Dr. Steiner: It is of course not the word ‘Anthroposophy’ itself that matters but there are other things that do matter. Take the following example. Medicine is a case in point. It is today not possible to take medicine beyond the point it has now reached, which is not far enough, without starting to speak of the etheric body of the human being, and also of the astral body and the ego-organization, for it is here that the real causes of illness lie. So it is necessary simply to place before the world the substance of what Anthroposophy contains. We have gained some extremely instructive experience in this matter. Frau Dr Wegman has run courses with me in London, Vienna and The Hague. 42See lectures in London on 2 and 3 September, Vienna on 2 October and The Hague on 15 and 16 November 1923 in Rudolf Steiner Spiritual Science and the Art of Healing, Anthroposophical Publishing Company, London 1950. GA 319. One of these took place at Dr Zeylmans' Dutch institute. I have given lectures to doctors in which I spoke quite directly of anthroposophical matters. At appropriate moments I have spoken about the astral body, the etheric body and so on. In doing this it is barely relevant what terminology is used. In some instances one feels it is more appropriate to name the etheric body and in others it is better to use different words in describing it. For example when you want to speak of the etheric body you can say: The effects on the physical substances which come not from the centre of the earth but from the periphery of the universe. Only those who have not fully come to grips with their subject matter are tied to a specific terminology, is this not so? We have found that when we speak in this way people can make something of what we say. They know that this is something new making its appearance in the world. If you avoid speaking clearly, all people can say is: Well, here is another opinion about the effect of this or that medicament on the human organism; it has been held before and was then replaced by another; now here is yet another opinion. They cannot distinguish whether a clinical report or a clinical dissertation comes from some external source or from us. But if we want to bring what can really lead us to the centre of the illness, then we cannot avoid speaking about the etheric body and so on, even if we use different terminology. Then people know what is what. We go furthest when we act in this way. It is not in the first instance a matter of the actual name of Anthroposophy; what matters is nowhere to shy away from whatever is necessary to explain something properly. If you try to dress Anthroposophy up in ‘this is what the parson says too’, then people have no idea what you are getting at. I myself once proved this point. I gave a course of twelve lectures in Vienna 43See Rudolf Steiner The Tension between East and West, Hodder & Stoughton, London 1963. GA 83. ranging over every aspect of Anthroposophy including its practical applications. If you read this cycle today you will not find a single mention of the word Anthroposophy. It is perfectly possible for there to be occasions when it is inappropriate to use the word Anthroposophy. This is for sure. For me what matters is the actual subject itself, the spirit of the subject. You have no idea how many well-meaning people have come to me saying: People dread the expression ‘etheric body’; could we not say ‘the functional element in the human organism’? But this is a meaningless expression. To speak of the etheric body you have to distinguish between the physical body in which all the forces are related to gravity, the mechanical pull of gravity, and the etheric body in which all the forces can be related to the periphery, to all that is ever in weaving movement. This is the difference. The ‘functional element in the human organism’ refers to the function and not to this fundamental contrast. So these well-meant suggestions that come, often from outsiders, cannot be taken into account.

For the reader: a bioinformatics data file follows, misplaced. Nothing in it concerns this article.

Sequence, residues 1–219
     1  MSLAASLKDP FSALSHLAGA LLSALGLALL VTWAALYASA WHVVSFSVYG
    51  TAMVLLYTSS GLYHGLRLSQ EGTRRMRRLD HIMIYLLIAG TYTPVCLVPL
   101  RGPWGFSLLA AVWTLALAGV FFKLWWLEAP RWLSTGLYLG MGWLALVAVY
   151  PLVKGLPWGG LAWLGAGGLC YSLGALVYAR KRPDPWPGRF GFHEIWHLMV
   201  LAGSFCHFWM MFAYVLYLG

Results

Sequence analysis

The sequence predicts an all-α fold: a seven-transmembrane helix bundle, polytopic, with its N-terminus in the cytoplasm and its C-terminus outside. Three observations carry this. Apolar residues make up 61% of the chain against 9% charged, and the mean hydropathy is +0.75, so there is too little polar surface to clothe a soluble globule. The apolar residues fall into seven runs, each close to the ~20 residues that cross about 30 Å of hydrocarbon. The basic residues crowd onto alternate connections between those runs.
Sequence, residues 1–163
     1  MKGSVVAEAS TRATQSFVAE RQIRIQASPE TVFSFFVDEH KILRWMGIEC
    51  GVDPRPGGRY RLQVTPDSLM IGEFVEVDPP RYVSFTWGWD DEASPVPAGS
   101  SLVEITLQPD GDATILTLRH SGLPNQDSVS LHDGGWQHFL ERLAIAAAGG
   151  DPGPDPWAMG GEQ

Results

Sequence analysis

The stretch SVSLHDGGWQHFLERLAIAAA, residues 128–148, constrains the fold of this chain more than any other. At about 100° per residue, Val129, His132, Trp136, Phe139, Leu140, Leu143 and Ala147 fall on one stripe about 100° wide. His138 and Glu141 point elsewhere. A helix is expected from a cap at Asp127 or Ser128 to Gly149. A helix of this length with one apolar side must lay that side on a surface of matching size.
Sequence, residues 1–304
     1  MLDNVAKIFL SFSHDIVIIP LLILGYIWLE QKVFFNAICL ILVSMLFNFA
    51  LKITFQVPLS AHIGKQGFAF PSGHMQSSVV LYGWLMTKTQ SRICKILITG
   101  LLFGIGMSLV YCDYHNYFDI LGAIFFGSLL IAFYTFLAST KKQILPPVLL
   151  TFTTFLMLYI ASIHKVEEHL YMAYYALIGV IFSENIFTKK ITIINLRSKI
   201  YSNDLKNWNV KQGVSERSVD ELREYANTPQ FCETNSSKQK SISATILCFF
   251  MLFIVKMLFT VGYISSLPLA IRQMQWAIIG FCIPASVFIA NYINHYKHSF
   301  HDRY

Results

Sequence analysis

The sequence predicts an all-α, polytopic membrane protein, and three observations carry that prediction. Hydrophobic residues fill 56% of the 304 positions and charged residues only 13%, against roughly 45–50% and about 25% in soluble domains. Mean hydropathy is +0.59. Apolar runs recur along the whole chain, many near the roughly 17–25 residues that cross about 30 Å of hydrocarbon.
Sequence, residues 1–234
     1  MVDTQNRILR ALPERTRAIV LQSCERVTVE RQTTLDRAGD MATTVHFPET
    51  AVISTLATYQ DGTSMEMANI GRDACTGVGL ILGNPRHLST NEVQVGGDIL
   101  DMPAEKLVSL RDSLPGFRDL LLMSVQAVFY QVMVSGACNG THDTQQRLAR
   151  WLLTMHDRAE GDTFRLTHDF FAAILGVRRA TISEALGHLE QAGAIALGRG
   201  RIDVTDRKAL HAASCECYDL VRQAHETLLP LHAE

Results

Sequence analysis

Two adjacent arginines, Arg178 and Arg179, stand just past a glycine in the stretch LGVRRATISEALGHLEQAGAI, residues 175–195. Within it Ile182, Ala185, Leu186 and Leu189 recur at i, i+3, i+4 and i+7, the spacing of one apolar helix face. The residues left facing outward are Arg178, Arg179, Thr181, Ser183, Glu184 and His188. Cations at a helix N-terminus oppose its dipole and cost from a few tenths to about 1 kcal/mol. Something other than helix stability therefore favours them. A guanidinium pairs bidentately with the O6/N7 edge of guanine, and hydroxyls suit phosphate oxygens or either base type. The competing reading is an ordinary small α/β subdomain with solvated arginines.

Baroness de Renzis: Is it sufficient to speak of the ‘essence’ of things?
Dr. Steiner: It is not necessary to throw the actual word ‘Anthroposophy’ at people, but if asked whether you are an anthroposophist it would be quite a good thing if you did not say: No!
We shall continue this meeting tomorrow. We must try to make sure that we have enough breathing space during this Conference.